This project was completed ahead of project schedule, under budget, and with significantly more functionality than originally specified in the RFP. There were no cost change orders associated with this project! This project is now viewed as the most successful IT project in the history of the Washington Department of Corrections.

How were benefits measured?
Management is currently focusing on the ATLAS overtime and absenteeism reports (a grouping of approximately 10 key reports) as the primary benefits measurement tool.
Executive, Custody (Operations), and Financial Services management utilize these reports as a means for organizational and financial accountability.

Was the system mission critical to the organization?

Absolutely. In addition to scheduling 4,200 correctional officers to their positions on a 7 x 24 hour basis, ATLAS tracks the following critical information:

  • Operation logs from major and minor control
  • Emergency Operations Center
  • Searches
  • Incidents
  • Safety Drills
  • Employee Behavior
  • Incidents
  • Significant Events
  • Employee Qualifications
  • Employee Tombstone Data
  • Employee Training

This system has been identified as Mission Critical by the Washington Office of Financial Management, the Department of Information Services and the Department of Corrections.

Describe the business purpose of the new system:

To implement an operations-based roster management system that is the system of record for custody pay while providing Custody, Financial Services and Executive management with the information necessary to make sound policy and fiscal decisions concerning their workforce and facilities.

Describe the features of the new system:

The features of the new system include a complete operations based Enterprise/Strategic Workforce Management package.

Explain the functions of the new system:

See Section I, answer a.

Who were the internal sponsors of the project? Which officials or groups were opposed to developing the application? Why?
  • Internal Sponsors: Custody (Operations), Financial Services, IT and Executive Management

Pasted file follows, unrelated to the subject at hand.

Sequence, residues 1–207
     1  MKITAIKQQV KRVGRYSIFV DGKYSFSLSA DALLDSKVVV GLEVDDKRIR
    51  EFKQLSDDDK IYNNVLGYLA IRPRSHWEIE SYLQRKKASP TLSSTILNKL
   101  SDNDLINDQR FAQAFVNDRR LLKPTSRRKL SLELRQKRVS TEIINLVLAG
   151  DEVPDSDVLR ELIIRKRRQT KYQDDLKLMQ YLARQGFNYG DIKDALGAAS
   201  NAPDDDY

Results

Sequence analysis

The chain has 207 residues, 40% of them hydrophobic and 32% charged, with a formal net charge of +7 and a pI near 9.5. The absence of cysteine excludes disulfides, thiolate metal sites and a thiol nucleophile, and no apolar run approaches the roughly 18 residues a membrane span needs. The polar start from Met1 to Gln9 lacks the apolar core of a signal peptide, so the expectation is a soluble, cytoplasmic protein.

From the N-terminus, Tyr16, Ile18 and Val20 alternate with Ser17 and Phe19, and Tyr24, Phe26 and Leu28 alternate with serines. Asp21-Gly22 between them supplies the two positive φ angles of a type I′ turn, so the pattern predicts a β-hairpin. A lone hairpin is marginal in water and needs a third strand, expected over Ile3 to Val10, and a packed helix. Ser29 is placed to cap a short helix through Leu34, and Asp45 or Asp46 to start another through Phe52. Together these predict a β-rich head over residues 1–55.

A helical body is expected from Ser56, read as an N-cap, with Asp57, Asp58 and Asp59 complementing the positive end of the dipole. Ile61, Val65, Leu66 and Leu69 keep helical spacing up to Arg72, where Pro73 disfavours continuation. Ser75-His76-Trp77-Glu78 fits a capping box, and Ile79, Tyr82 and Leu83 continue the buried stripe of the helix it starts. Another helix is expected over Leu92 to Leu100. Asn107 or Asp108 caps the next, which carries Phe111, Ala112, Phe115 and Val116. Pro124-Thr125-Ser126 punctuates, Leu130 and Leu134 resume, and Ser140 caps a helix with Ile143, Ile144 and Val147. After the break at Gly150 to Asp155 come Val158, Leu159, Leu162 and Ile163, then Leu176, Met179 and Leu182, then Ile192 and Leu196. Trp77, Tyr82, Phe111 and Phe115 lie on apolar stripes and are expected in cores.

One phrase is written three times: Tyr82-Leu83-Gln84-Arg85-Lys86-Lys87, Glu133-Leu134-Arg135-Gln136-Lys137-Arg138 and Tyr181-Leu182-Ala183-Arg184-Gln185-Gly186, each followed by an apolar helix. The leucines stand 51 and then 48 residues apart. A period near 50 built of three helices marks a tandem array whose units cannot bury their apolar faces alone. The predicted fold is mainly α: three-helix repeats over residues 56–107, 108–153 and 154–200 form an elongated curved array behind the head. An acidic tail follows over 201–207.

• Opposition came mainly from the correctional staff members that were resistant to change and technology.
Were users of the system involved in the project during the planning and development phases? If so, how?
  • User Involvement: Management went to great lengths to place key users on the project steering committee and to conduct monthly meetings with other key users to update as to enhancements and project progress
  • Project Pilot: The day-to-day administration of the project pilot was left to key users at the designated facilities. This led to both user input and user buy-in.

What were the greatest challenges in completing this project? How were they overcome?

Project Resources, Facility Culture, Business Process Re-engineering and Project Timeline:

  • Limited project resources meant that teams had to be united, well organized and with a clear understanding of project goals. Team building exercises (limited due to time) along with involving facilities with the project pilot allowed members to quickly share lessons learned from the pilot. This allowed for rapid improvements to both the product and the roll-out to insure that mistakes weren’t repeated.
  • Facility Culture: By identifying problematic facilities early in the project cycle and then involving them with the project pilot, many cultural issues were overcome prior to rollout of ATLAS at their facility.
  • Business Process Re-engineering: Executive management empowered the steering committee to make crucial decisions in a very time-effective manner. Executive management support enabled these decisions to be implemented with a minimal amount of facility ‘pushback.’
  • Project Timeline: ATLAS was brought in to replace an ageing (and we soon learned dying) application. Rapid roll-out was absolutely critical as the replaced system was repeatedly ‘crashing’ at facilities throughout the state.

Were the goals changed as the project progressed? If so, what were the changes and why were they made?

  • Initially intended as a tool primarily for Roster Managers and Custody management
    (approximately 80 users), the ATLAS user group was expanded to all senior and middle level management (approximately 900 users), major and minor control personnel, and executive management. ATLAS is now imaged on all DOC computers and future roll-outs will include the remaining 4,000 employees in non-custody positions. The success of the pilot coupled with the breadth and depth of ATLAS’ features and functionality served as the primary motivation for the expansion of the user base.

III. Category

E-business Application Development

ATLAS possesses a complete Employee Self Service module that will be implemented by the DOC in a later phase. Additionally, the Sybase toolset utilized by Emerald City Software, along with the Sybase partnership with Appeon, enables the ATLAS solution to be migrated to the web. The DOC has expressed an interest in this E-business approach and will implement this technology in a future phase.

IV. Methodology/Process

a. Describe how productivity tools or techniques were used in the project.
  • Sybase Powerbuilder
  • Emerald City Software’s Diagnostics Tool

Tools and utilities to assist in the data migration, data configuration and on-going data quality analysis